“The Case of the Misplaced Modifiers” – FBI Agent Hal Neilson a victim of “selective punctuation” and his “trial by grammar”could result in “run-on sentence”!

Hencefore, USA v Neilson shall be known as the “Case of the Misplaced Modifiers” by decree of Nowdoucit.

A misplaced modifier is just that: a phrase, clause, or word placed too far from the noun or pronoun it describes. As a result, the sentence fails to convey your exact meaning. But misplaced modifiers usually carry a double wallop: They often create confusion or imply something unintentionally funny.

There’s nothing funny in Patsy Brumfield’s story on NEMS360. She reports the jury hearing USA v Neilson has decided one of the five counts of the Indictment and deadlocked on four.  She also reports the jury asked Judge Aycock to define “substantial”.   A form of the word “substantial” appears in counts one and two – and likely those are two of the four counts the jury has deadlocked on deciding.  Unintentional or not, Neilson faces a “run-on sentence” of 25 years and the lost of his pension for 21 years of service to a Government that with the use of “selective punctuation” and misplaced modifiers has subjected him to “trial by grammar”

Little wonder there’s a deadlock!  Take a look at the first count, one of the two similarly written counts using a form of the word “substantial”.

while employed by the FBI, did willfully participate personally and substantially as such FBI employee, through recommendation, the rendering of advice, and otherwise, in a particular matter in which, to his knowledge, he had a financial interest, in that Neilson recommended and advised that the FBI lease additional space in the Oxford FBI Building.

Now, take a look at this comment from the blogging lawyer of North Mississippi:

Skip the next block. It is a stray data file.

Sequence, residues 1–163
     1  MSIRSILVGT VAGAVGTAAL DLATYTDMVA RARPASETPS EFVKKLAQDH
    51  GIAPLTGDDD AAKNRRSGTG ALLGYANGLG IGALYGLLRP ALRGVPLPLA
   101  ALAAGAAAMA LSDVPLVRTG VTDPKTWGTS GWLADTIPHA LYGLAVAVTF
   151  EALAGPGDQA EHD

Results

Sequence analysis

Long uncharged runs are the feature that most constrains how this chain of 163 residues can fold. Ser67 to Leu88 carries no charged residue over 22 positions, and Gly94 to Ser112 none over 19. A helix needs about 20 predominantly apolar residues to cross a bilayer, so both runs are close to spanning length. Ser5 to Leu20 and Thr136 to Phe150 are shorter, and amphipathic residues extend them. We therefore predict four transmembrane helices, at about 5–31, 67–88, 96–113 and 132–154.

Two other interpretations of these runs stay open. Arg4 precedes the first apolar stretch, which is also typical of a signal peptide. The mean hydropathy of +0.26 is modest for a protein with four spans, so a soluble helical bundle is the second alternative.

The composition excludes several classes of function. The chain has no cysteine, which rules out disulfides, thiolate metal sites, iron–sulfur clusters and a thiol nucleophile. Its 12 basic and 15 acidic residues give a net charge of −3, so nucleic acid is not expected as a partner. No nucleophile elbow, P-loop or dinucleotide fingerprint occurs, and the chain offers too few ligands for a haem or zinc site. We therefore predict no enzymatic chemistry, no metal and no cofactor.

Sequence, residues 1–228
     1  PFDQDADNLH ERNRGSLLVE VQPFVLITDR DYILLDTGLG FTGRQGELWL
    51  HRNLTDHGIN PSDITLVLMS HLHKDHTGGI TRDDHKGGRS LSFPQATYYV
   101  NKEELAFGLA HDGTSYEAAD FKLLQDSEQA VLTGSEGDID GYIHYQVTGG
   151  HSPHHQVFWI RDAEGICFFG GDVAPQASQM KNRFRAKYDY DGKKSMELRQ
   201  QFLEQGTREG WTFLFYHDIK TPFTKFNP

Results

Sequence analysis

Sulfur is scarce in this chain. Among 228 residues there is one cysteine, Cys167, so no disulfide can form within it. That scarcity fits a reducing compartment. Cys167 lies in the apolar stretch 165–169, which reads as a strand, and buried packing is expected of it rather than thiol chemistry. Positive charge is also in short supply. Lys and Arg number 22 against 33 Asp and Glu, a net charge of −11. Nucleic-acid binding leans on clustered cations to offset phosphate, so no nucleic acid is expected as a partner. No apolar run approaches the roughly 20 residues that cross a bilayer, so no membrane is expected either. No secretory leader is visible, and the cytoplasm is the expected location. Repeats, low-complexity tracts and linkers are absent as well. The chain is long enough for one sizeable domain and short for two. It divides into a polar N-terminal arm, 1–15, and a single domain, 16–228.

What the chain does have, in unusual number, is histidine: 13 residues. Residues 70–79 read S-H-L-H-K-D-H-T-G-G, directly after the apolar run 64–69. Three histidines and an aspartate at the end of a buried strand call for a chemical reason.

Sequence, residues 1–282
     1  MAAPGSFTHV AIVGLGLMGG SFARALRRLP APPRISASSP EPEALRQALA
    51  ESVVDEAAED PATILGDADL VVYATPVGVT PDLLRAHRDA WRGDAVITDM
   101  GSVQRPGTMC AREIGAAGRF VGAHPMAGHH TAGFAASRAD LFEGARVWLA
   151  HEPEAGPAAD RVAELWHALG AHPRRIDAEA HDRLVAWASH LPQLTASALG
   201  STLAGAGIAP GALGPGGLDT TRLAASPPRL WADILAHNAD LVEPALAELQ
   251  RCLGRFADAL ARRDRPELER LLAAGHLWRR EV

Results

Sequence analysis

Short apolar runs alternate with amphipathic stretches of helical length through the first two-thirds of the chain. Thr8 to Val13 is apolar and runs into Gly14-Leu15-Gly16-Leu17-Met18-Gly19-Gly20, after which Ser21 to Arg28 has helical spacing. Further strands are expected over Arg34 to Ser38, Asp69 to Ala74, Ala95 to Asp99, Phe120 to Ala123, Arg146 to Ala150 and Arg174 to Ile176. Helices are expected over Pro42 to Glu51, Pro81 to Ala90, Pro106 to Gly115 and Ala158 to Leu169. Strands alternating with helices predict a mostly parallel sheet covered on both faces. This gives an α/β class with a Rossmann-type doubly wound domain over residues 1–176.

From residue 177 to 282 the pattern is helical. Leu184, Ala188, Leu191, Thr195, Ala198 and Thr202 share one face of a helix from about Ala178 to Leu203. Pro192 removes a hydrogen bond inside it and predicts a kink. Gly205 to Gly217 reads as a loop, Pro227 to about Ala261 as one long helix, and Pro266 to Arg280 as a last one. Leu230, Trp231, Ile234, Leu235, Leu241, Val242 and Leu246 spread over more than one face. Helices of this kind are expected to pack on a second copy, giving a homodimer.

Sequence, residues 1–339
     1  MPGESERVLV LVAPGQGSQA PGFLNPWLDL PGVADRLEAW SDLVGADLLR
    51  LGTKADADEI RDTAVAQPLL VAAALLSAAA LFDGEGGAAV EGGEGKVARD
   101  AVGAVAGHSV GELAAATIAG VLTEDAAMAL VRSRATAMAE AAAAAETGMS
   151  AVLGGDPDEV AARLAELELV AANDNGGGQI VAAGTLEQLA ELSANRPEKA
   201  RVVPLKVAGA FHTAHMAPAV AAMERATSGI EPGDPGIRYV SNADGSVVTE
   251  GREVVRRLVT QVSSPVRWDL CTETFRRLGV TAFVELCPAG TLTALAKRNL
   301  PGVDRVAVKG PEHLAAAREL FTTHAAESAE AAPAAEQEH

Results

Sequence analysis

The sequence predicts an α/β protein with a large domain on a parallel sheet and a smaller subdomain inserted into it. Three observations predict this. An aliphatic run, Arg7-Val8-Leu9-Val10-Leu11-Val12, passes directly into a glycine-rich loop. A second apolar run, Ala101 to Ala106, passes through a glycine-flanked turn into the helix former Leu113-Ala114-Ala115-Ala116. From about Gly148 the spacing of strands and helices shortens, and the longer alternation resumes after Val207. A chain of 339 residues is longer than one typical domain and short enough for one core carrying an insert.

I’m being told that “substantial” crops up in two counts in the indictment– that Neilson had to be a “substantial” investor in the business.

Given that he was one of three and had enough in it to take out $50K at one point in some form, I’m puzzled that the jury would stick on that point.

The indictment doesn’t charge Neilson with being a substantial investor!  It charges him with being a substantial participant!

I saw it! Now, do you see it?

The Grasping Hands of Allstate (ALL)

From the latest Allstate (ALL) 10-Q Quarterly SEC Filing


In July 2010, the FASB issued guidance requiring expanded disclosures relating to the credit quality of financing receivables and the related allowances for credit losses.  The new guidance requires a greater level of disaggregated information, as well as additional disclosures about credit quality indicators, past due information and modifications of its financing receivables.  The new guidance is effective for reporting periods ending after December 15, 2010.  The new guidance affects disclosures only; and therefore, the adoption will have no impact on the Company’s results of operations or financial position.

That should get interesting. Continue reading “The Grasping Hands of Allstate (ALL)”

“got it” – the MSSC decision in Lisanby v USAA

Not easy but I finally “got it” – Mississippi Supreme Court decision in USAA v Lisanby – and as I read over the decision, I began to “get it”.

Considering that I’m having one of those “running late and short on time” mornings, I’ll just toss out the decision and a “clue” about  USAA’s “bad faith”: The named defendants in the original Rigsby qui tam Complaint were State Farm, Allstate, Nationwide and (drumroll)…USAA.

Like Ashton, I’d like to see more documents from the docket but they’re not easy to find, particularly when “running late and short on time”.   I’ll continue to look when my day settles down – but, in the meantime, anyone who has information to share can send email with documents attached to Sop. ([email protected])

The jury awarded the plaintiffs more than $900,000 in compensatory damages, but the trial judge directed a verdict in favor of the defendant on the issue of punitive damages. Continue reading ““got it” – the MSSC decision in Lisanby v USAA”